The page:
Lexical Ambiguity

Did you know....?

The use of a specialized vocabulary with a novice in a domain creates a "mystique" about the subject (Lemke, 1990). Furthermore, the use of specialized language that is unfamiliar to the student portrays the subject as more difficult than it is, a subject that can only be mastered by geniuses.

People connect what they hear to what they have heard and experienced in the past (Lemke, 1990; Konold, 1995) so if a commonly used English word is used differently by a technical domain, the students hearing the word for the first time in class may incorporate the technical usage as a new facet of the features of the word they already know.

Domain-specific words that are similar to commonly used English words but have different meanings in statistics are said to have lexical ambiguity (Barwell, 2005).

Lexical ambiguity and the acquisition of a linguistic register associated with a field has been shown to create problems for learners in science (Garvin-Doxas & Klymkowsky, 2008; Lemke, 1990), mathematics (Durkin & Shire, 1991b; Shultz & Pilon, 1973), and statistics (Kaplan et al., 2009, 2014; Lesser et al., 2009, 2013; Makar & Confrey, 2005).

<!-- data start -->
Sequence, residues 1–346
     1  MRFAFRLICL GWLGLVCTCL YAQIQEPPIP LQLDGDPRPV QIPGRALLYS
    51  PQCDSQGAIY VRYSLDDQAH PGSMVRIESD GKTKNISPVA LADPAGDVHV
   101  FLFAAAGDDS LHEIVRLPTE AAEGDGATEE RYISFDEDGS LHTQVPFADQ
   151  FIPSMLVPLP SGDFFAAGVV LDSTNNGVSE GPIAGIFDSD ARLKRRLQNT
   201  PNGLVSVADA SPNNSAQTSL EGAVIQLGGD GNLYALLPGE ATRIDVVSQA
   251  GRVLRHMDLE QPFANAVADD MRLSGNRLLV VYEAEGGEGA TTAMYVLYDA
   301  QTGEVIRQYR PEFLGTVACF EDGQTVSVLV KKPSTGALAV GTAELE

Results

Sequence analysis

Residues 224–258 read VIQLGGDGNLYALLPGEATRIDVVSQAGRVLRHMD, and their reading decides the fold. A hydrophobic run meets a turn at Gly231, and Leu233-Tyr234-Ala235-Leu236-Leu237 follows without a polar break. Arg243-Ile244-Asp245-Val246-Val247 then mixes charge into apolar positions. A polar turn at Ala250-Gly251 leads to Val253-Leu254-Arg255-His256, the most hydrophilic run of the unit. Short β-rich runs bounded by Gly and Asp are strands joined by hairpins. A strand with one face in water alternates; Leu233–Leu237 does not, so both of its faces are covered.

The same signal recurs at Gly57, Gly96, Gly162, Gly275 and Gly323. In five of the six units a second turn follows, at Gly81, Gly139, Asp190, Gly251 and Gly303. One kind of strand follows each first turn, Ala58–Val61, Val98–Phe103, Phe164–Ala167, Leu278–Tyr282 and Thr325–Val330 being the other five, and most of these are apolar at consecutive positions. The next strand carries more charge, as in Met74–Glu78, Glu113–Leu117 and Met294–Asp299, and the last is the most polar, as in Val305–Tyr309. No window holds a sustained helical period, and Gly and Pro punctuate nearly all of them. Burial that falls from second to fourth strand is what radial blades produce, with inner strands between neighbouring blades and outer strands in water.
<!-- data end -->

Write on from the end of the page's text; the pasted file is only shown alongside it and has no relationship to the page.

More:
There are some easy ways to address lexical ambiguity in the classroom . Instructors can

  1. preempt difficulties by careful use of language in their teaching (Albert, 2003; Lesser et al., 2009; Rangecroft, 2002).
  2. be aware of students’ everyday use of lexically ambiguous words and address the differences in meaning explicitly in the classroom (Lavy & Mashiach-Eizenberg, 2009: Rangecroft, 2002), through the use of multiples modes and representations (Lesser et al., 2009, 2013) and by exploiting the differences between the uses (Adams et al., 2005).
  3. help students to build their voices in the technical domain (Adams et al., 2005, Durkin & Shire, 1991a, Lemke, 1990), through vocabulary activities and writing assignments (Adams et al., 2005; Durkin & Shire, 1991a; Lesser et al., 2009, 2013).

Some words that have been shown to be lexically ambiguous are random, spread, association, independence, normal, average, and bias.

HILT Activities for Lexically Ambiguous Words